The exhibition Divine Seduction has just opened in Budapest, covering five centuries of celestial lust in 32 works collated from the collections of the Museum of Fine Arts and the Hungarian National Gallery. They depict Gods in the throes of passion, pieces by Michelangelo, Gauguin and Maillol in drawing, print and sculpture form. A word of warning, though – it’s strictly adults only!

In all, 32 works have been curated by art historian Júlia Tátrai for Divine Seduction, paintings, sculptures, drawings and woodcuts portraying well-known figures from Greek mythology, gods, goddesses and demigods. Some are quite explicit, so be warned.

Some have stories attached. In Zeus and Mnemosyne, one in a series created by Jacopo Caraglio in 1527 entitled The Love of the Gods, the two deities are in the process of creating a new muse. The works did not cause a scandal in its day simply because the characters had already been depicted by Giulio Romano in 1524.

The original had been too profane for the Church – Romano was imprisoned and his 16 images destroyed, although a few copies and fragments remained. The Caraglio series, based partly on these drawings, turned to the Ancient Greeks and Romans for inspiration to form a new symbiosis. This type of art form, it was thought, pleased God, and therefore the Church. Even so, another Caraglio picture on display here shows Jupiter with a huge phallus.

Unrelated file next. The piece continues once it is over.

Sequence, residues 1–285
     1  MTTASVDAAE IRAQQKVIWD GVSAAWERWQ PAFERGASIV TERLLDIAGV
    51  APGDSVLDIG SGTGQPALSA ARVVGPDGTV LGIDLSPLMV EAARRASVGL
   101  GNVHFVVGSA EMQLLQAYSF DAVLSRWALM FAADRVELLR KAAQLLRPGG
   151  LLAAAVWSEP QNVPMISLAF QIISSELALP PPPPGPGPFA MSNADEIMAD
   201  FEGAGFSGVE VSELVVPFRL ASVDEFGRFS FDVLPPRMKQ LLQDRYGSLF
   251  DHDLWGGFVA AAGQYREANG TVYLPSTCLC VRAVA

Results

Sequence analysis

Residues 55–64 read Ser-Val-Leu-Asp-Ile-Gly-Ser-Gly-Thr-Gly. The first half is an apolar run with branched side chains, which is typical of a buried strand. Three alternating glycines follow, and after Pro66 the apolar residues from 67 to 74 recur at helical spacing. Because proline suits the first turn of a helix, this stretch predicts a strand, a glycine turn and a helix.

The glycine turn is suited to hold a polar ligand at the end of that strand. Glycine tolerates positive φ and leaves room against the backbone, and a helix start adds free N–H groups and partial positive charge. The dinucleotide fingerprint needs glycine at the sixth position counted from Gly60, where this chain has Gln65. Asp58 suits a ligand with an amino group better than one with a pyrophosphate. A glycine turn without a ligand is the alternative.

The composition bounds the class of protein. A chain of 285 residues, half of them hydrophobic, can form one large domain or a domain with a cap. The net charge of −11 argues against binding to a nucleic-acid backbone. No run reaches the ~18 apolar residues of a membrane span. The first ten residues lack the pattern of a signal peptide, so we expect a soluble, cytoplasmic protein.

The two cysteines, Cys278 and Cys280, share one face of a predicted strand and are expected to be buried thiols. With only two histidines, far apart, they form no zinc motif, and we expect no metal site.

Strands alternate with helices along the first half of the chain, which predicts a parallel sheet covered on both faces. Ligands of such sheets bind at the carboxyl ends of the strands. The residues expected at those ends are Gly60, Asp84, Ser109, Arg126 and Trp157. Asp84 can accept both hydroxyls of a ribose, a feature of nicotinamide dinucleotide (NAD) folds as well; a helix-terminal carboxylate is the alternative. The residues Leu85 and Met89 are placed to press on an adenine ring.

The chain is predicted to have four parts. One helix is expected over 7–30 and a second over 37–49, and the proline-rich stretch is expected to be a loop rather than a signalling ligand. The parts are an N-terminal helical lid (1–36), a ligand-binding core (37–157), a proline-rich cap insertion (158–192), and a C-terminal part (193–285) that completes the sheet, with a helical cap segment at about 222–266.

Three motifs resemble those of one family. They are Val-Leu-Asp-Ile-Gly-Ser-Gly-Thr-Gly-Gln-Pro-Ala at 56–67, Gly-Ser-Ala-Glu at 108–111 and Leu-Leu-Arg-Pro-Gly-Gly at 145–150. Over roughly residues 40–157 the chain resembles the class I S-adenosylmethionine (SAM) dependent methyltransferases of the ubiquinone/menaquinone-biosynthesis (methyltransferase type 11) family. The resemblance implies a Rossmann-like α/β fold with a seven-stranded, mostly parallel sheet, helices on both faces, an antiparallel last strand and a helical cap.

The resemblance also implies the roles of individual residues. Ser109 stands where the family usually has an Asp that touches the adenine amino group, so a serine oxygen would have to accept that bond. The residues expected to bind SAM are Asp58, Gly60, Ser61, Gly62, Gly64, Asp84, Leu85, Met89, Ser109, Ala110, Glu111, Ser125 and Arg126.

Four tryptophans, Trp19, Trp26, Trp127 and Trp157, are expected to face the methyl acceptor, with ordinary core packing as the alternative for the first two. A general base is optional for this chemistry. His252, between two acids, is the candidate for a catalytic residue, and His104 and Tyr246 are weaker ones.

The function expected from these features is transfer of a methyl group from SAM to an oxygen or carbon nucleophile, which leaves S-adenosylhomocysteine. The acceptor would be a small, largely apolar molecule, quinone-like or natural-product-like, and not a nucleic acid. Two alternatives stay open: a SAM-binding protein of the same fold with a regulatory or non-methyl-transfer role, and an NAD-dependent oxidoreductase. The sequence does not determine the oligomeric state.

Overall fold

The story of the two series provides a perfect example of what was and wasn’t allowed during that time.

Erotica excited and interested people in the same way as today, no matter how harsh the power that ruled over them, secular or ecclesiastical. Pictures from the 1500s seem to be somewhat exaggerated by today’s standards, even leaning towards the pornographic. Caraglio’s copper engravings fit in this category, as do Romano’s originals. The human characters and the workmanship of the images are of an artistic standard. 

Nevertheless, the point was to show the act, the passion, the physical exertion. The fact that the Church was very distant at that time, and that the Ancient Greeks and Romans believed in other gods and lived by their own morals, also contributed to these works being permitted.

This well-conceived, comprehensive exhibition, documents not only the origin of each work, but also describes the mythological figures depicted and stories attached to them.

Also featuring paintings by Hungarians, Gyula Benczúr and Bertalan Székely, the exhibition runs until 17 April.

Exhibition information

Divine Seduction
Michelangelo Hall 
Museum of Fine Arts
1146 Budapest, Dózsa György út 41
Open: Until 17 April, Tue-Sun 10am-5pm
Tickets here